Tuesday, May 22, 2007

More transportation

An FWD ice cargo carrier
Side view of the FWD.
A Tucker Sno-Cat
Another Tucker Sno-Cat
An M29 Weasel
A "Polecat"

Sunday, February 11, 2007

You can't have too many penguin photos

© David Eldred
Emperor Penguins on the ice, near McMurdo Station

Tuesday, February 6, 2007

McMurdo Nuclear Power Plant

© David Eldred
Part of the nuclear power plant is lifted off the USS Arneb onto the ice.
Marked on the side of the steel container: "Martin PM-A3 Nuclear Power Plant" (click photo to enlarge)
In August 1960, Congress authorized the construction of a nuclear power station for McMurdo Station. Martin Coroporation was awarded the $4 million contract for the plant. It was assembled and tested in Baltimore in fall 1961.
© David Eldred


More components of the nuclear power station wait to be unloaded from the USS Arneb.

In early November, 1961, the plant modules were loaded onto the USS Arneb in Rhode Island. On December 13, 1961, the ship arrived at McMurdo sound and began uloading on the ice.

© David Eldred


More nuclear components

All of the components of the nuclear plant were unloaded by December 29, 1961. The components were hauled over the ice on cargo sleds to the reactor site at McMurdo Station. Between January 1, and March 1, 1962 the plant was assembled and tested. On March 4, 1961 the plant was operational. Incredibly, the entire project had gone from Congressional approval to operation in 18 month - by today's standards, an amazing feat.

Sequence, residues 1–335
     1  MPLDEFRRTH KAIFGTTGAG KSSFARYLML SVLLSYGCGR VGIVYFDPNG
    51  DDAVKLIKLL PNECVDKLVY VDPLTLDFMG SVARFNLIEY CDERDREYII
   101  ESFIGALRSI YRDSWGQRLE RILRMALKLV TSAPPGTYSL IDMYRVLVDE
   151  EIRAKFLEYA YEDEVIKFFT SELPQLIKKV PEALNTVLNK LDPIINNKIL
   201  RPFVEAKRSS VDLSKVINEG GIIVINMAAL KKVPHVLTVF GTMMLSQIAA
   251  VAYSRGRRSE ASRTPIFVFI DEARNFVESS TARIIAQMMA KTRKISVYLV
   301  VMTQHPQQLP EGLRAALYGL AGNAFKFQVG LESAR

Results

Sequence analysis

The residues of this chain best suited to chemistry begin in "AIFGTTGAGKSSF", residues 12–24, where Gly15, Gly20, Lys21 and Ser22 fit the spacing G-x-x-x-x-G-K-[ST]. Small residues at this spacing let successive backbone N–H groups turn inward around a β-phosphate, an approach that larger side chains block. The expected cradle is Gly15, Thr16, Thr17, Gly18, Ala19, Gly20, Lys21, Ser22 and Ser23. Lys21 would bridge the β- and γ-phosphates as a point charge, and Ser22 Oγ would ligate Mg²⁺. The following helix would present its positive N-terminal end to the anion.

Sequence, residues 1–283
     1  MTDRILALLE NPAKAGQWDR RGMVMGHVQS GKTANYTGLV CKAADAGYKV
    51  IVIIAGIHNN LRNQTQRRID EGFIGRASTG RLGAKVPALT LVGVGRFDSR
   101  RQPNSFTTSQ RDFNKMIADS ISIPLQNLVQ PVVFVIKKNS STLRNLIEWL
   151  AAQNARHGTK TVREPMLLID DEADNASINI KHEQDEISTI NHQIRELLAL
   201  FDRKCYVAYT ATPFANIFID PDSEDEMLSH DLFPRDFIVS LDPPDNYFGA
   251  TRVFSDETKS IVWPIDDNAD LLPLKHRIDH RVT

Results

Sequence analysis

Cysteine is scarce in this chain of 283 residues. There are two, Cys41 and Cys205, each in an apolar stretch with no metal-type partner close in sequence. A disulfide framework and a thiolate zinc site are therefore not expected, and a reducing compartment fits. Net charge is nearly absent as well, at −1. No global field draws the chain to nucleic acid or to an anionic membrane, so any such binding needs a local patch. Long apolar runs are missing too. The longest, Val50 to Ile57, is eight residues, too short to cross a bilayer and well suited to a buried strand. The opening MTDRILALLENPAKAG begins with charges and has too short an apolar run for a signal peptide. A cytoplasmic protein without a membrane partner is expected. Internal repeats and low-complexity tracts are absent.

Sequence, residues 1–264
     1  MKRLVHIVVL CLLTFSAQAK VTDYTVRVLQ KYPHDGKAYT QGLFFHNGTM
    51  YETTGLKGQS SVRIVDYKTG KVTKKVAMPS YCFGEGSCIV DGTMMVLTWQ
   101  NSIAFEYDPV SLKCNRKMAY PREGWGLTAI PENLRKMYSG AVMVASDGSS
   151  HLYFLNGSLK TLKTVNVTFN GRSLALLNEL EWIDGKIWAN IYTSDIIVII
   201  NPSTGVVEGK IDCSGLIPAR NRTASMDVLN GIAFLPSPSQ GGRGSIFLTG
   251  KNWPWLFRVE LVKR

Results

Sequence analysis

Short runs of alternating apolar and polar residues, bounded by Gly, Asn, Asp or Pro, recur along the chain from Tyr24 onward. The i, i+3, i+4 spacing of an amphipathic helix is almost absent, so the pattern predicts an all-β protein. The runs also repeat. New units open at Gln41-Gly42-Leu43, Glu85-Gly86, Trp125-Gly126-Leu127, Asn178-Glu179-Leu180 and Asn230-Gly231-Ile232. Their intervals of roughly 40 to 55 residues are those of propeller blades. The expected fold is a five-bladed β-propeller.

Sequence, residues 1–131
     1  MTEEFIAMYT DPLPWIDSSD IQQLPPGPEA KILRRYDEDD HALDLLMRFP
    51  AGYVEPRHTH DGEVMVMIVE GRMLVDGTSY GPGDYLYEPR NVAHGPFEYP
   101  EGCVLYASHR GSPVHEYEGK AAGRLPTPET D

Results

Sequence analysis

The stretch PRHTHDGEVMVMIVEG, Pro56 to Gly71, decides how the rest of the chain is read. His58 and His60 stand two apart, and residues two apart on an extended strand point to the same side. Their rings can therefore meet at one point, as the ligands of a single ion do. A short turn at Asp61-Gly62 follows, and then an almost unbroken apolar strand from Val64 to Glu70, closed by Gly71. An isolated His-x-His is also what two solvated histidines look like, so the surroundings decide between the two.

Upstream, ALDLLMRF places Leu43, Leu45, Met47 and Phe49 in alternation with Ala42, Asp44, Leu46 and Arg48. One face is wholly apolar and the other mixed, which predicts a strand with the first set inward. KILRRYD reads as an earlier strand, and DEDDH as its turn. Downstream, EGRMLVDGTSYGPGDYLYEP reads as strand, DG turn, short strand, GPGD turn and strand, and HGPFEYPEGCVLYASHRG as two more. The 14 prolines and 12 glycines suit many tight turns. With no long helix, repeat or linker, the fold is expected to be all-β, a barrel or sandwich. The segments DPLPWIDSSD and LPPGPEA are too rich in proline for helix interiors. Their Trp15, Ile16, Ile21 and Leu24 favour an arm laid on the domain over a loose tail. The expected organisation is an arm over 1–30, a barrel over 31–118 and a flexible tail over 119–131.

© David Eldred


Cargo sleds

Unfortunately, the nuclear power plant was not the answer to the station's needs that its proponents had hoped. The plant suffered several accidents and problems, from a fire in the containment tanks in fall 1962, to the coolant leak that sealed its fate in 1972. The plant was removed during the late 1970s.

Icy Dock

© David Eldred
The USS Arneb (AKA-56) moored to the ice at McMurdo.
An aircraft propeller can be seen lurking in the large crate on the ice next to the ship. (Click to enlarge.)

Ships are moored to the ice by means of a deadman, a post about 4' long. A hole is chipped into the ice, narrow at the top, and wider at the bottom. The deadman, with a rope looped around its middle, is wedged sideways into the hole in the ice. When the hole is filled up with water, snow, and ice the deadman becomes a solid part of the ice sheet.


One of the crew's many jokes.

"Here lies the body of an Eastwind deadman, placed here to commemorate the last Operation Deep Freeze by veteran Arctic Antarctic explorer the Duke of Eastwind BM1"

Sunday, February 4, 2007

Cargo off-loading at McMurdo

© David Eldred
A D-7 Caterpillar Bulldozer tows a train of cargo sleds across the ice.

The main mission of Operation Deep Freeze was to deliver goods, supplies, and scientific equipment. Food, drink, building materials, power equipment, fuel - almost everything the station needed was delivered by ship. During the 1961-62 operation, the USS Arneb (AKA-56) carried what was supposed to be the answer to all of McMurdo's electrical power needs - a nuclear power plant.

Ships tied up and unloaded on the ice. Dozens of vehicles, from buldozers to Snow Weasels, some towing cargo sleds, made their way out onto the ice to bring the cargo back to the base. Over the course of several weeks, the contents of each ship was disgorged onto the ice, loaded on cargo carriers, and hauled to McMurdo.

A D-8 Caterpillar Bulldozer hauls cargo sleds. Several D-8 Bulldozers were delivered to Antarcica for the IGY in 1956. Nearly 50 years later, the last of the D-8s were being retired.
Antarctic D-8s turn 50